Top 5 CSS Mistakes

This is not a post about the top 10 mistakes that developers make when they write CSS. That’s boring.

The CSS spec itself is littered with mistakes. Deep, fundamentally misguided errors. Real head-slapping WTFs that make you wonder if the people writing the spec had ever created a website in their lives. I’m not exactly following my own advice by complaining, but I think of these more as the “constructive criticism” sort of complaints.

I love making web pages. And, without being immodest, I’m pretty good at CSS. Not the best in the world, but certainly very familiar with it. I do enjoy what CSS and semantic HTML lets you do with a web page. But I am repeatedly annoyed by the language itself.

The saving grace, if there is one to be found here, is that browser makers are getting better and better at conforming to the spec with each version. Even IE is starting to catch up with the advent of IE 7. While there will probably always be discrepancies and differences of opinion about how this or that feature should work, they’re getting less obnoxious. However, when the spec itself is broken, what can browser makers do?

1. Inheritance

Listen, CSS. You have curly braces, why not use them? The cascade is a nice feature, as is the default inherit value for most properties, but they’re not enough. This would be so lovely:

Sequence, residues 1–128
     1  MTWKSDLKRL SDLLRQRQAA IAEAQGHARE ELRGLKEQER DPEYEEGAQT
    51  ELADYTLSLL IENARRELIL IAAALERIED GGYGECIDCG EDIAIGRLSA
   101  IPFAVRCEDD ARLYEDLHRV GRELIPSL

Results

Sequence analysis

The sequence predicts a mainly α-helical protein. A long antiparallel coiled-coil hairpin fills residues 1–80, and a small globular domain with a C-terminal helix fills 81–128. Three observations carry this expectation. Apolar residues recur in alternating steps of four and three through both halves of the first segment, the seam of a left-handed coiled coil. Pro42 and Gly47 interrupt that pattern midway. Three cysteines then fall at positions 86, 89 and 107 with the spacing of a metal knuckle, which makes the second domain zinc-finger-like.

.some-module {       font-weight:bold;       text-align:right;       p {             font-weight:normal;             text-align:center;       }       h3 {             font-size:200%;       } }

Instead, we have to type .some-module over and over for every bloody rule.

.some-module {       font-weight:bold;       text-align:right; } .some-module p {       font-weight:normal;       text-align:center; } .some-module h3 {       font-size:200%; }

If you use classes and descendant selectors properly on a sufficiently complicated page, you can get punished with very long selectors like this one from a site I’m working on now: .nav .search a, .nav .search input, .nav .search .button, .nav .search label. Every freaking rule in the file has .nav .search on the selector. This simple addition to the spec would have made it so much better:

.nav {   .tabs {     /* css for the "tabs" section of the .nav module /   }   .search {     / css for the "search" section of the nav module /     a, input, .button, label {       / css rules /     }     a:hover, a:active {       / other CSS rules /       / note the huge reduction in code to be typed! */     }   } }

Almost every language supports some version of this kind of semantic inclusion, but for some reason, CSS was created in such a way that every rule lives in its own universe. Lack of this feature makes CSS far less modular.

2. Vertical Alignment

Almost 2 million pages about centering vertically in CSS. This was so unbelievably easy back in the bad old days of layout tables. The browsers knew how to do it. But as of the second revision, the CSS spec still doesn’t even suggest a proper way to consistently vertically align one thing inside another.

Now, I know, there’s the vertical-align property. But, that only applies to inline, inline-block, and table-cell elements. If you want to align one box inside another, you’re stuck doing all sorts of hacking to make it work. If the heights are unknown ahead of time, it gets even more complicated.